Q&A with Howard Curtis and Dominique Fabre
With the recent publication of French author Dominique Fabre’s Guys Like Me and the recent review thereof, we thought, why not get author and translator to chat quickly about the book, Fabre’s writing, and a bit more? Both were happy to do so, and translator Howard Curtis was kind enough to both prepare the questions and translate Dominique’s answers. Below is their Q&A.
Howard Curtis: Dominique, I can’t think of any other current French writers your work reminds me of. Your concentration on the everyday lives of supposedly ordinary people seems quite unfashionable. Do you feel a bit of an outsider in contemporary French literature? Is there perhaps an older French tradition that you relate more to?
Dominique Fabre: Actually I’m not aware that what I write is especially different, I’ve never wanted to be an outsider, but without ever being quite sure why I’ve always been a little bit outside the mainstream, and that’s just the way it is. I try to write about the strange and fascinating aspects of our lives, without turning them into something they aren’t. The everyday is the dimension of our lives, whether we like it or not. I am in fact very fond of certain writers from the ’30s, ’40s, and ’50s—Henri Calet, Emmanuel Bove, Guérin, Guilloux—who strike me as very modern, especially since they weren’t trying to be, but they’ve been forgotten. On the one hand, they were from working-class backgrounds, and then in France we had the nouveau roman. And that was followed by autofiction, always something new to replace the latest novelty, and so on.
HC: What’s remarkable about your work is that although the subject matter may seem dull, you manage to make it exciting and to keep the reader’s attention. One way you do this is through your style, the way you move constantly from present to past, from thoughts to memories to dialogue, sometimes in the same sentence, to convey the main character’s state of mind. I wonder if you can say something about how you evolved this style.
DF: Yes, I don’t write about amazing adventures! As far as the writing is concerned, it’s a kind of stew, I mix things up the way we all do when we talk to ourselves, I think this way of writing more or less reproduces how things happen in our heads, when we’re alone or when we’re not lying. This “style” is still evolving from book to book, I’m pleased when people tell me they recognize my work after two lines.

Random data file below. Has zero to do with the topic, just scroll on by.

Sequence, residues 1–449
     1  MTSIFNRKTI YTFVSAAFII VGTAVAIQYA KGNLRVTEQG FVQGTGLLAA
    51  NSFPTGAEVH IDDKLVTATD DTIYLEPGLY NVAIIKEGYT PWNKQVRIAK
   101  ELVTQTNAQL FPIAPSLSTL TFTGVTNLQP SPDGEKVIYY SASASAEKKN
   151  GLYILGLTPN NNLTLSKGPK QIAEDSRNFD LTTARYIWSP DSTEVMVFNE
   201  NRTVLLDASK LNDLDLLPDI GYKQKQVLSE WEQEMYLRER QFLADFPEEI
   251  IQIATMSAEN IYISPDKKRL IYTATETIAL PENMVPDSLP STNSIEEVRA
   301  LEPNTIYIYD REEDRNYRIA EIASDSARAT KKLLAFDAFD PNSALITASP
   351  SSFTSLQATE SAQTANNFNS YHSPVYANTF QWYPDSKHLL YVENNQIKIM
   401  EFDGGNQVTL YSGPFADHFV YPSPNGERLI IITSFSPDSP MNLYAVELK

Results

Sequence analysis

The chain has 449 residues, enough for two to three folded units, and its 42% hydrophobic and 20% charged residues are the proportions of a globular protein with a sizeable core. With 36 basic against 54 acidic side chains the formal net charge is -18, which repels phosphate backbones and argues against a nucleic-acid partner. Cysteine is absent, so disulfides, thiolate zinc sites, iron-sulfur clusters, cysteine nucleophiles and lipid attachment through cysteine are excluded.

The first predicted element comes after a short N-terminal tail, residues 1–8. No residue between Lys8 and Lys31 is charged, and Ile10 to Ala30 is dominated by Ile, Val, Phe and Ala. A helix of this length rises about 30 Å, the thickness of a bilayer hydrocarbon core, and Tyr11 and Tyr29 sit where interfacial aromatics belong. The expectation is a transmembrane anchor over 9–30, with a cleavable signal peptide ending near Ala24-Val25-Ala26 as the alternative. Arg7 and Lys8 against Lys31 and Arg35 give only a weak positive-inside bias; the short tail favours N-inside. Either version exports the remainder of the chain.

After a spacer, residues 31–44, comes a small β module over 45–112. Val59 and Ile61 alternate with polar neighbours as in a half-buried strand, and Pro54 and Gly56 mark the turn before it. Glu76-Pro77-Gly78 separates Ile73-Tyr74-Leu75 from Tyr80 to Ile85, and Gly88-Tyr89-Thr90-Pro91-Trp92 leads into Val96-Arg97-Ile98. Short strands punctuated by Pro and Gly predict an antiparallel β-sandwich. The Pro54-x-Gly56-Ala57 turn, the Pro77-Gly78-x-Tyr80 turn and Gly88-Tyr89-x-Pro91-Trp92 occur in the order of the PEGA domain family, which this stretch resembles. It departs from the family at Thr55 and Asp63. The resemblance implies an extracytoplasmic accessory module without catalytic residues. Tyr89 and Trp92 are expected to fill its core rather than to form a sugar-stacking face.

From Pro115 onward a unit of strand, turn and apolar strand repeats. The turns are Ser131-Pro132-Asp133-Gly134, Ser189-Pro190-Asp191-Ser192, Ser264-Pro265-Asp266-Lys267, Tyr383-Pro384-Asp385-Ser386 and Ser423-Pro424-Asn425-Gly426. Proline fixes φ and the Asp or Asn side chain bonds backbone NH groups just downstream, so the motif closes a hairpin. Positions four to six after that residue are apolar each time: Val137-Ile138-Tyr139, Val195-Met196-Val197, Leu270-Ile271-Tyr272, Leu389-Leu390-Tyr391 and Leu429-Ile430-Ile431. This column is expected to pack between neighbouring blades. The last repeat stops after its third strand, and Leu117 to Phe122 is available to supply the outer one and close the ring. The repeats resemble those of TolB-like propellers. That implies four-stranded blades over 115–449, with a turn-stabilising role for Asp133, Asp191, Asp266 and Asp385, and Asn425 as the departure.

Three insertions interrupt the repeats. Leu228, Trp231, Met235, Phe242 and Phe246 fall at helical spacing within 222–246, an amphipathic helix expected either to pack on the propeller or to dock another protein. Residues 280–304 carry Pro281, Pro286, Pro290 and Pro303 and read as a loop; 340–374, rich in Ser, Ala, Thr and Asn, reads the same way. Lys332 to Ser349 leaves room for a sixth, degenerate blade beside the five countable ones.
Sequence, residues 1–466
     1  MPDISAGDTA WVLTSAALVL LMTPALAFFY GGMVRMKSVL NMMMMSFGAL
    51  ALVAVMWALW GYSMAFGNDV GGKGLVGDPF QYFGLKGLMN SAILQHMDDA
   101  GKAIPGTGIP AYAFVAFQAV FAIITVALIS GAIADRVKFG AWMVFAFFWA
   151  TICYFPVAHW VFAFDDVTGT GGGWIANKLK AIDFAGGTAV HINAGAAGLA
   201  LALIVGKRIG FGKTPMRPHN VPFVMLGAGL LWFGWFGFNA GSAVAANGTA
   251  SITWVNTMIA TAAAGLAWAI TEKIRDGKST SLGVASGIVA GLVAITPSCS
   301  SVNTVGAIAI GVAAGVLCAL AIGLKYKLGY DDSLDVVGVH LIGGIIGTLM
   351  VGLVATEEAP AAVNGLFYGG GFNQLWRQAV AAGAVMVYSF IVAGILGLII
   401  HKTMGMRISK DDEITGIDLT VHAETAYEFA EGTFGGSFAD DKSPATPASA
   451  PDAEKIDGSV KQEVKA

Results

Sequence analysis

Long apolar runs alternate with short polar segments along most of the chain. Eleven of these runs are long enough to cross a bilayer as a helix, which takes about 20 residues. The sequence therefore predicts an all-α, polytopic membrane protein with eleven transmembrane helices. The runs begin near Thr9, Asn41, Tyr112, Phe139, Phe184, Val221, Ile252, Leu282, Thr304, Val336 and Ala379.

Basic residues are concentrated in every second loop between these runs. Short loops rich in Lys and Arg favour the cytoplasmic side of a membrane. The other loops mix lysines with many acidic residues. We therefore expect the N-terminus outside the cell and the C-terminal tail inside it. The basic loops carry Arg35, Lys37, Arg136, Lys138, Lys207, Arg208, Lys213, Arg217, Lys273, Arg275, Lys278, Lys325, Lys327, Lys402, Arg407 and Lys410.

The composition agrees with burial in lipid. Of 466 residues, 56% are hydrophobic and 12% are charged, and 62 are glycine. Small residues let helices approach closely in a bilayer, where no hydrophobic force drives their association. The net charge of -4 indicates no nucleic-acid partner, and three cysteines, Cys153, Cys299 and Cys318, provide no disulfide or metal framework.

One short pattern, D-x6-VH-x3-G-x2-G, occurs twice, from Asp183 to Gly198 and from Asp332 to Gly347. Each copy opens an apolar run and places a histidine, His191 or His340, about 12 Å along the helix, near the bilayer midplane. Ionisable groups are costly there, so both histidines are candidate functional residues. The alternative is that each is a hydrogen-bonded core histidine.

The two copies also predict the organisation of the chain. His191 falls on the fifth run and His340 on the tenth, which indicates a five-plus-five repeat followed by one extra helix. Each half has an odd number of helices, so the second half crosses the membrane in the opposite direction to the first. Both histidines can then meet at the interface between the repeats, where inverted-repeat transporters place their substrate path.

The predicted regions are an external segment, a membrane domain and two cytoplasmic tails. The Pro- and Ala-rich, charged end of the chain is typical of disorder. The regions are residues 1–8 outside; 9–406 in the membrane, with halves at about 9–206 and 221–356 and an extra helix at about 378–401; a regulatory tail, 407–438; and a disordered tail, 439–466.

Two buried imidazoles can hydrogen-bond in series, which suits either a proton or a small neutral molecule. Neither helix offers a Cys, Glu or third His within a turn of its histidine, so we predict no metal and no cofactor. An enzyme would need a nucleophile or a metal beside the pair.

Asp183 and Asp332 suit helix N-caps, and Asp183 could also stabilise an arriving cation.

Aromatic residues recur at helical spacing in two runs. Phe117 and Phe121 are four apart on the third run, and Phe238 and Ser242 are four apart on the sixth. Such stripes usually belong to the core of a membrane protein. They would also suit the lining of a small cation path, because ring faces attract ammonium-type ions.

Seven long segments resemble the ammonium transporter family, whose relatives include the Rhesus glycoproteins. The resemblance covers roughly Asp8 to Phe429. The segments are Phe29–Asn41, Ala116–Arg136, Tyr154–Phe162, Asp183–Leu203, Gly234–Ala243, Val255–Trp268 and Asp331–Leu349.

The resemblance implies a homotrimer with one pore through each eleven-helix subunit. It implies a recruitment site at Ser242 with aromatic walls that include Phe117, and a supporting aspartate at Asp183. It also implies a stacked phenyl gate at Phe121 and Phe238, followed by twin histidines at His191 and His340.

HC: Your novel has a very specific setting, not just Paris, but a particular suburb of Paris, and you include many references to actual places with which most of your readers would be unfamiliar. Are you ever afraid that your readers, especially those outside France, would be alienated by this, or do you think, on the contrary, that it adds to the book’s fascination?
DF: Almost all my books take place in a little corner of the Paris suburbs where, it’s true, nothing unusual happens. That’s why you can imagine all kinds of stories, which contrast with the rather gray setting. I spent my teenage years in the suburbs, I know certain places well, and that avoids me having to worry about getting the geography right when I’m writing. I’m a big fan of the Gare Saint-Lazare, and I always try to include a train in my stories, which gives me an excuse to go on an aimless excursion in the Paris region. I love these neutral places where nothing much happens, they give me a greater sense of freedom than places filled with significance. And perhaps this relative anonymity of the locations—a station platform, an apartment building, the Seine—actually allows the readers to imagine the settings for themselves.
HC: Your main character frequently refers to, and quotes from, F. Scott Fitzgerald. What does the work of Fitzgerald mean to you? And are there other English-language writers you feel close to?
DF: I fell in love with F. Scott Fitzgerald, he’s the first American writer I read a lot of. He foresaw many things, he was unhappy but quite brilliant, and The Crack Up is a great text about depression. Two American writers who mean a lot to me are John Cheever, who’s a wonderful stylist, and John Fante, whom I often re-read and whom I discovered because Charles Bukowski talks about him. John Fante is a very individual writer, a great stylist too, I find. I’ve also learned a lot from reading the books of Bernard Malamud . . . Actually, the list of wonderful writers is a very long one. There’s a British writer from the ’60s I really liked: Alan Sillitoe, he’s rather forgotten now, if I’m not mistaken.
HC: Finally, if you could sum up in a few words what you hope a new reader, especially a non-French reader, would get from your work, what would you say?
DF: Perhaps a sense of how wonderful and how fragile our lives are, and also the importance of resisting a technological consumer society in which the degree of mass dumbing-down can sometimes be really alarming.